I want to welcome everyone. Today’s hearing is the third in a series of hearings the Helsinki Commission is holding on energy security and frankly we could not be holding this hearing at a better time. Not only are we faced with record high oil prices, but at a time when we are trying to find and use alternative fuel sources such as biofuels, we are seeing a shocking rise in food prices that is devastating the poor and straining the wallets of the middle class all over the world. I’m very interested to hear the opinions of our panelists today on what, if any, connection there is between these two situations.
All governments are struggling to find the right mix to meeting what seem to be competing demands for energy independence, sustainability and affordability. And there are lots of voices and perspectives out there vying for attention.
Sometimes—and most probably all of the time—it is instructive to take a look back before we look forward. In the 1800s we relied on whale oil for heating and light and it drove the whale population into decline. Crude oil was around, but it hadn’t caught on as a fuel source. In fact one of its first uses here in the United States was as a health cure.
In the late 1800’s people began scooping up the oil bubbling out of the ground and used it for kerosene to light their lamps. And as more oil was found and refined to make more kerosene for lamps, the byproduct, gasoline, was simply thrown out because there was no use for it. But the invention of the “horseless carriage” which could run on the stuff that was being thrown away, changed history. By 1920 there were nine million motor vehicles in this country and gas stations were opening everywhere. And here we are in 2008, consuming over 20 million barrels of oil per day.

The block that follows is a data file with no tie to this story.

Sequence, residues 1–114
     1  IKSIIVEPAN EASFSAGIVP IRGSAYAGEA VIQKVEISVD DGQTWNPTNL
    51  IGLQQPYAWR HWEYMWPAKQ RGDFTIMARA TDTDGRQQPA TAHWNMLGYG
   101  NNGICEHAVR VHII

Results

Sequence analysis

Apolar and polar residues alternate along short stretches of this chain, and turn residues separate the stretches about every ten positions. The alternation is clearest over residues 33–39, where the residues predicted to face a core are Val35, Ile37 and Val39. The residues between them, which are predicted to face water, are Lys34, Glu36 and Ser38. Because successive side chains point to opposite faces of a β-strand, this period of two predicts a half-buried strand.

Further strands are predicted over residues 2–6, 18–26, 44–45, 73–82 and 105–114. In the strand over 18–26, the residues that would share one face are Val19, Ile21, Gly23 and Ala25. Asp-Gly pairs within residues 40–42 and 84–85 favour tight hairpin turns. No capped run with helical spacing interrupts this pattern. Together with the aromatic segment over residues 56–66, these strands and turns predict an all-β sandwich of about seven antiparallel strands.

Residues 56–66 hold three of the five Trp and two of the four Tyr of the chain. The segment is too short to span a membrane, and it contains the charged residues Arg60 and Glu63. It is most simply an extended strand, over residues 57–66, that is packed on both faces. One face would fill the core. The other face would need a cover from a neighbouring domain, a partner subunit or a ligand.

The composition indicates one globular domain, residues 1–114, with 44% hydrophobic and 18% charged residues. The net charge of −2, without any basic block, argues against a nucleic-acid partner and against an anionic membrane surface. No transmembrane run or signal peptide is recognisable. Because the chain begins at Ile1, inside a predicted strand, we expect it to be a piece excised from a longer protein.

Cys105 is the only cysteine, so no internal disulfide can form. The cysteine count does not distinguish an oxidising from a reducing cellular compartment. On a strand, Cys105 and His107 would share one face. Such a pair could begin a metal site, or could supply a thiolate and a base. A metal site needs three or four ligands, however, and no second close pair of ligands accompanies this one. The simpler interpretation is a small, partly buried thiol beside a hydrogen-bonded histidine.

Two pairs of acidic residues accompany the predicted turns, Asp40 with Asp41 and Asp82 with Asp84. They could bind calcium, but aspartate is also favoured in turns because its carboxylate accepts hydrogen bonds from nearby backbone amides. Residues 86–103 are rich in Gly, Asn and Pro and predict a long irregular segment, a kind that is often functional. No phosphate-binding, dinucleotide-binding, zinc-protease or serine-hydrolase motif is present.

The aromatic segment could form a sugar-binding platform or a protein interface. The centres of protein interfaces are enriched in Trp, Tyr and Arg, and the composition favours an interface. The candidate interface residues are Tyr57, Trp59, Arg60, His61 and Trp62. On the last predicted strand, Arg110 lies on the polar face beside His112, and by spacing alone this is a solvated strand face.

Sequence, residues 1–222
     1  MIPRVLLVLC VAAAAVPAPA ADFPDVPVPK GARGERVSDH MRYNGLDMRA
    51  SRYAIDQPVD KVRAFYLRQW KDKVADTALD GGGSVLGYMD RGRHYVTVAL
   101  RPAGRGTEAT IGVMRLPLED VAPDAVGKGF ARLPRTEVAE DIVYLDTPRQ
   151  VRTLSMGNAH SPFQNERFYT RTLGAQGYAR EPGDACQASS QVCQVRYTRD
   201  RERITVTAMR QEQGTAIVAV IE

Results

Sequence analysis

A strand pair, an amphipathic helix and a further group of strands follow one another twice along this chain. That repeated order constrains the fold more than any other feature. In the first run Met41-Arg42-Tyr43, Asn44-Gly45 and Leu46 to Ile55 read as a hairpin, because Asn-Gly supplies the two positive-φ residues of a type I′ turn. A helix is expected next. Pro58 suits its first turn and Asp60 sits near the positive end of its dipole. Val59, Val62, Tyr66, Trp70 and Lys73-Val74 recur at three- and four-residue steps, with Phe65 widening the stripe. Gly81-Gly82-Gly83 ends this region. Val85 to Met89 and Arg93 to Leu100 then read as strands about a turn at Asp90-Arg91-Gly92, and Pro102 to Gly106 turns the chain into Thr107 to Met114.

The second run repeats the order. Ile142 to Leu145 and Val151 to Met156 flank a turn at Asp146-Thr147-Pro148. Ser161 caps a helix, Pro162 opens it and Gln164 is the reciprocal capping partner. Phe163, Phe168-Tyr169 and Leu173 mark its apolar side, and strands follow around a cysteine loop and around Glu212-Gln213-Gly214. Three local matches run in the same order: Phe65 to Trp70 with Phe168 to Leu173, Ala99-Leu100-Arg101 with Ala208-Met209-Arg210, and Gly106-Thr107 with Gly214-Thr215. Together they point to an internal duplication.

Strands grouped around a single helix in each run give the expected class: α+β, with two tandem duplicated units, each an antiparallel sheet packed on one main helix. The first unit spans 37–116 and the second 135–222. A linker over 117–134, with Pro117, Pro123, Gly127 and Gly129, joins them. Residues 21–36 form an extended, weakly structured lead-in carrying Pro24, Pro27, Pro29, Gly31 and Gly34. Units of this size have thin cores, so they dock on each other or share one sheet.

What happens next? Can we find the next vehicle or fuel that will carry us forward to a new energy paradigm that solves our climate change, oil dependency and economic problems all at the same time?
The stakes are high. The UN reports on climate change underscore a cruel irony—that the overwhelming environmental costs of climate change will be felt in the countries least responsible for climate change and least able to deal with the consequences. It would be an even greater tragedy if our own efforts to ameliorate climate change add an even greater burden on others. We need to take a level-headed look at all of our options and try to realize what the consequences could be. Because there will be consequences. The question is whether they are manageable and reasonable.